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Labor pact offers Poland a model

By WITH ANALYSIS FROM MONITOR CORRESPONDENTS AROUND THE WORLD, EDITED BY CLARA GERMANI / July 28, 1981



Warsaw

The settlement whereby LOT, the state-owned Polish airline, diverted a strike that threatened to ground it indefinitely has set a precedent for industrial peace in this country, Monitor correspondent Eric Bourne reports. A dispute between the government and the new independent labor movement was resolved through arbitration for the first time.

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A clash between the government and Solidarity, which represents most airline employees, arose when the government refused to accept the workers' choice for director. After a one-hour "warning" strike, the two sides agreed to independent arbitration between a government team and management experts from the unofficial group of intellectuals called Experience and the Future, which proposed far-reaching reforms before the present crisis exploded last summer.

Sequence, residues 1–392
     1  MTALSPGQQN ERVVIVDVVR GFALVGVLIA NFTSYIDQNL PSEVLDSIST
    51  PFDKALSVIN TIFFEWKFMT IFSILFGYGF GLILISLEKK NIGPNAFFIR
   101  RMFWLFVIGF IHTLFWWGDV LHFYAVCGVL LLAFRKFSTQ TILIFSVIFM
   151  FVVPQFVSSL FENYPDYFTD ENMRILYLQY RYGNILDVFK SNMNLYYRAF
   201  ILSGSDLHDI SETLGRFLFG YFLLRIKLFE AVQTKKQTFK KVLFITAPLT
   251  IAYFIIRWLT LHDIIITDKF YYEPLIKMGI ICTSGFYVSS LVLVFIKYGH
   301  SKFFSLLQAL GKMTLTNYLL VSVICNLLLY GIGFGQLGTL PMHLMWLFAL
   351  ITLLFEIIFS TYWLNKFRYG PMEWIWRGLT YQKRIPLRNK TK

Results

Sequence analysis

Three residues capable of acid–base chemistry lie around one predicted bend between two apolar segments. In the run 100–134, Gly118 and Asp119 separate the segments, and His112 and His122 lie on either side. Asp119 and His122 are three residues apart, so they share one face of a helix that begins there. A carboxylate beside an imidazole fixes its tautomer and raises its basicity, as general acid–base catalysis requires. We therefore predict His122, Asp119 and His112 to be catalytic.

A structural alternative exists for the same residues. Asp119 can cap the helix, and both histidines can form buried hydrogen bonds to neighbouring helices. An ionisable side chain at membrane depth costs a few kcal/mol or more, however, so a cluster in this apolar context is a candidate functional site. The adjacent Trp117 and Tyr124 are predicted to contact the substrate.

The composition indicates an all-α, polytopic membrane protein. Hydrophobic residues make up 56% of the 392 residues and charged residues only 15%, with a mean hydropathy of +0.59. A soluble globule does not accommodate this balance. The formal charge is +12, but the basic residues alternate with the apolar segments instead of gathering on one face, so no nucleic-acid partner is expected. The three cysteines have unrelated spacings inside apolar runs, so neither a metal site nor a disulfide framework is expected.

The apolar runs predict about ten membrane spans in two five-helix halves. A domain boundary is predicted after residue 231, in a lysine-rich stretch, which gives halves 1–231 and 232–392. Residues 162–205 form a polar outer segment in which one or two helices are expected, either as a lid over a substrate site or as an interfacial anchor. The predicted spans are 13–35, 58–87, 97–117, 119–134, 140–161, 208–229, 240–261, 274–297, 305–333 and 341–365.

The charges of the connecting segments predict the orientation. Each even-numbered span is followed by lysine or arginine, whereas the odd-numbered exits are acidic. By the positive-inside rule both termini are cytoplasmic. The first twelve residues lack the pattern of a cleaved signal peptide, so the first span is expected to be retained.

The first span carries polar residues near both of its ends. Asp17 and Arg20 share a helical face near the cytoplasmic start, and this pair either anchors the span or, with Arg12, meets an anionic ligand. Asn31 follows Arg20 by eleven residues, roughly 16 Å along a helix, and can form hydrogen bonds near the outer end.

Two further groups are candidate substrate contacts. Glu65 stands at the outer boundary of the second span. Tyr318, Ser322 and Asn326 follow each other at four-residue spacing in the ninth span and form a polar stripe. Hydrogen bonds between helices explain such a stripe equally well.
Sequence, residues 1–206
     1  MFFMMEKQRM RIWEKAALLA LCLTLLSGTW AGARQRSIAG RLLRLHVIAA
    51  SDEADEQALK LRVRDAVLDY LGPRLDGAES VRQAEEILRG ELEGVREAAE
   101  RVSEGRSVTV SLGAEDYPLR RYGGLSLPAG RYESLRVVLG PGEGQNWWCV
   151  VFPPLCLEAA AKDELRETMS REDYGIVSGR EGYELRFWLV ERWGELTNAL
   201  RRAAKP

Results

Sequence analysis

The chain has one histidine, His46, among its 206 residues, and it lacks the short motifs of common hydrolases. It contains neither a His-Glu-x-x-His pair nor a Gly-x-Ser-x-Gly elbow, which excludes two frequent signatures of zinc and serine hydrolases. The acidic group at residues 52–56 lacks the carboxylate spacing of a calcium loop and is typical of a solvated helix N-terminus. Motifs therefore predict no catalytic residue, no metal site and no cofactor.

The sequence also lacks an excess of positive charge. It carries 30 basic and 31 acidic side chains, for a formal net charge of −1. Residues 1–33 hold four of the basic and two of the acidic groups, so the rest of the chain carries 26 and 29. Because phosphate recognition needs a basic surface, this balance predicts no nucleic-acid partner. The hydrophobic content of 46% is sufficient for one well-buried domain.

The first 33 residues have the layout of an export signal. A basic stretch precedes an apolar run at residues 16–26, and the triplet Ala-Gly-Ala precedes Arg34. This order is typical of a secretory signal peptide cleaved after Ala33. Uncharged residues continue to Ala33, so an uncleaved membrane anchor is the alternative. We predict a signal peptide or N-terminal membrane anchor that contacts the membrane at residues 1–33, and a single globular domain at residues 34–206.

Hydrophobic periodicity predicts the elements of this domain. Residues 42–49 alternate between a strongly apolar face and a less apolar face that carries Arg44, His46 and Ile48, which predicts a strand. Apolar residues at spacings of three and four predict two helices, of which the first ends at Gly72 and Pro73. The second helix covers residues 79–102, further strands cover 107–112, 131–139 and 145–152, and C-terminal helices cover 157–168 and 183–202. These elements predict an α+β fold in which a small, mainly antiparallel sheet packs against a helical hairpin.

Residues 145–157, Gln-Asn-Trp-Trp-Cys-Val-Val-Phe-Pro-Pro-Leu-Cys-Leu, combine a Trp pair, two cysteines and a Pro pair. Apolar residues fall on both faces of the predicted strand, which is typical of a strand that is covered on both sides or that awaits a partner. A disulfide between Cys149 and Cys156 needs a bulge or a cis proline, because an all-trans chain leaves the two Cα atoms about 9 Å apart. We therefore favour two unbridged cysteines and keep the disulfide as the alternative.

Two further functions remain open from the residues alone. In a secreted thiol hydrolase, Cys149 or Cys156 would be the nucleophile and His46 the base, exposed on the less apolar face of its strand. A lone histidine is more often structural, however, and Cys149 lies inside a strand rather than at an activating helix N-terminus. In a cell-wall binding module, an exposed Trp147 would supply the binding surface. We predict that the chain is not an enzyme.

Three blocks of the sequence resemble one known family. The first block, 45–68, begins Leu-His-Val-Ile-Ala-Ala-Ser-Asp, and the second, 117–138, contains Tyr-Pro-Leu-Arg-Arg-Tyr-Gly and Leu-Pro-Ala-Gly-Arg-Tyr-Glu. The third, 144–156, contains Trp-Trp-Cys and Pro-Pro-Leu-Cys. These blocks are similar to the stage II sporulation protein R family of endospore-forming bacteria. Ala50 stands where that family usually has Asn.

Under the agreement, the airline will be governed by a board divided evenly between government and employees. The chairman will be nominated by the government, and LOT will have full control of financial and economic responsibilities.

The agreement will serve as a model for other enterprises of state and economic significa nce, such as the railroads, the mint, and state forests.